Commonly known as the mimosa tree or silk tree, Albizia julibrissin is an attractive yet invasive tree that is threatening Florida's landscape.
Originally from China, the mimosa tree has been a popular landscape tree in Florida for many years because of its fragrant, showy pink flowers and feathery, fern-like foliage.
But this tree has a bad habit of taking over native Florida landscapes. Mimosa trees take advantage of sunny areas, growing up to forty feet tall. They can become a serious problem along rivers, where their seeds can be easily transported by water.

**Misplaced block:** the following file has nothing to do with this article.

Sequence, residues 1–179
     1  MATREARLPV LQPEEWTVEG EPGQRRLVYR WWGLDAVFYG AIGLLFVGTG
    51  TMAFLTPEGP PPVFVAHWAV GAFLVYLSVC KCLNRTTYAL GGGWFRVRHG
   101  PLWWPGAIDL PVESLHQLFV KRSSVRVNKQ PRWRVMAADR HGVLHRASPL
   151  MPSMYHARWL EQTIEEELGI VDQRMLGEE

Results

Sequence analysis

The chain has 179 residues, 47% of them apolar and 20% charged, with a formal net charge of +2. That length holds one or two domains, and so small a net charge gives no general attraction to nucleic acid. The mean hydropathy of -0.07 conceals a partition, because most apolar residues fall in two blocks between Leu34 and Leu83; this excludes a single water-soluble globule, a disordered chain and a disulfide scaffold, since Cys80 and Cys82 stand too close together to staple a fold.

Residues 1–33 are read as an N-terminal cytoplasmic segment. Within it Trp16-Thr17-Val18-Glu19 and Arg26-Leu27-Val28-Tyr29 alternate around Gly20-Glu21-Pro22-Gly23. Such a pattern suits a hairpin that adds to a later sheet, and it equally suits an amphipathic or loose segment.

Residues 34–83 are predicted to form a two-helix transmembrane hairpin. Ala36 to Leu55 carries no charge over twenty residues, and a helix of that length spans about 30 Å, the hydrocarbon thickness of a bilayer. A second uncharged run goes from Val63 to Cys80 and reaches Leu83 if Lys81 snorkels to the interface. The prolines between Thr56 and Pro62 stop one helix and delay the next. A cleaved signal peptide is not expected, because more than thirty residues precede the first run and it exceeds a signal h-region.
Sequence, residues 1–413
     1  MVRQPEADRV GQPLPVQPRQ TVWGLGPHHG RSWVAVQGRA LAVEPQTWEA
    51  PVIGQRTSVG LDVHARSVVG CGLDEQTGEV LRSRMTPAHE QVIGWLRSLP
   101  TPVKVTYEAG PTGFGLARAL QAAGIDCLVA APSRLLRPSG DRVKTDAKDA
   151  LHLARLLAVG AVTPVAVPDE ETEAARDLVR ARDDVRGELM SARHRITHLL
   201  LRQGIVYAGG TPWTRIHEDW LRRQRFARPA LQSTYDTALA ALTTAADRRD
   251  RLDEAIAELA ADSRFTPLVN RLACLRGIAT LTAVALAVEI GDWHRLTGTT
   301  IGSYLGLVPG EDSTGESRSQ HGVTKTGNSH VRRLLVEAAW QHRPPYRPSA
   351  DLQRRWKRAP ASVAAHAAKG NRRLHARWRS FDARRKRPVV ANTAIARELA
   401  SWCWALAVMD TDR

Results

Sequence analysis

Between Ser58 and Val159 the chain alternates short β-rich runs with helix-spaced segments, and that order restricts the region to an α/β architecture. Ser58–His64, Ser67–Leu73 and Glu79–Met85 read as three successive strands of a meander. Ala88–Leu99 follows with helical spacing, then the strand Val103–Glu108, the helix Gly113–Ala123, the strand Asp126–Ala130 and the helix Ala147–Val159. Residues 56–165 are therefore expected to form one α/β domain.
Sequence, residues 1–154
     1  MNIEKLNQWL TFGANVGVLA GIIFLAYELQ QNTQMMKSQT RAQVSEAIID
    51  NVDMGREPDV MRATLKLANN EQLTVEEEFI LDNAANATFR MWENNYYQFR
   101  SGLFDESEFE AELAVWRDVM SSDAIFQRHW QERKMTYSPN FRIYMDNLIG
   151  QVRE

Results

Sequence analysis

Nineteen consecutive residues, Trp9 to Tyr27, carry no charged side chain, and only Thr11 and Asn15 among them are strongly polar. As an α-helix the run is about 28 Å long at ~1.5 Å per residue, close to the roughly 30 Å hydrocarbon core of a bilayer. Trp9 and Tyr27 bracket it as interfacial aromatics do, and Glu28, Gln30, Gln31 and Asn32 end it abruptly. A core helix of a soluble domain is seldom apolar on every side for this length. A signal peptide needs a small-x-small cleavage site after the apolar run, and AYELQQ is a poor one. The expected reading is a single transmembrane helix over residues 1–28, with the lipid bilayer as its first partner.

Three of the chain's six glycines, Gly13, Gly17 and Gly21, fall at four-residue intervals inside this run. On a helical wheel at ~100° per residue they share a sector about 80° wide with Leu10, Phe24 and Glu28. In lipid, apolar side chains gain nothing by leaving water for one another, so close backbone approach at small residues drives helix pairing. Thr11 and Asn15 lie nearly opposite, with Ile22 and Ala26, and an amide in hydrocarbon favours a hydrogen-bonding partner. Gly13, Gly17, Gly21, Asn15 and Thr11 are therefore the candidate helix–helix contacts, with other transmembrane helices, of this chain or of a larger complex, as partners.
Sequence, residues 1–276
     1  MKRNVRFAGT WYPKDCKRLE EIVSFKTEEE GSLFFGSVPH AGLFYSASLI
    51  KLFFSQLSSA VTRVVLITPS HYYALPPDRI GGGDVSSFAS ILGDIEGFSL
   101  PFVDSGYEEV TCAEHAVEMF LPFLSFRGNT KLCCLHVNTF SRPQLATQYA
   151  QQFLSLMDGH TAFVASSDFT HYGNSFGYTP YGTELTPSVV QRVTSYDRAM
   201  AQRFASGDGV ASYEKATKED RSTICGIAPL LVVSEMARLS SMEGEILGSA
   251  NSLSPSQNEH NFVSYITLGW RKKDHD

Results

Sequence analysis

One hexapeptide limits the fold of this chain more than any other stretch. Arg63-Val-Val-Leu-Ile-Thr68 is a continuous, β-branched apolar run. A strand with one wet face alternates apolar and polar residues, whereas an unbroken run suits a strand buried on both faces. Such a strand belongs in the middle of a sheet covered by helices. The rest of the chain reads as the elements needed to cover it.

Due to its ability to grow and reproduce along roadways and disturbed areas, and its tendency to readily establish after escaping from cultivation, mimosa is considered a Category II invasive by Florida’s Exotic Pest Plant Council.
The best way to get rid of a mimosa tree is to cut it down at ground level when it begins to flower. To control resprouting, you’ll either have to cut off new growth or use a herbicide on the stump.
Seedlings can be pulled by hand, but make sure you get all the roots. Learn how to recognize this tree and take action to prevent its spread.
- Albizia julibrussin: Mimosa Tree
- Alternatives to Invasive Plants Commonly Found in Central Florida Landscapes
- Alternatives to Invasive Plants Commonly Found in North Florida Landscapes
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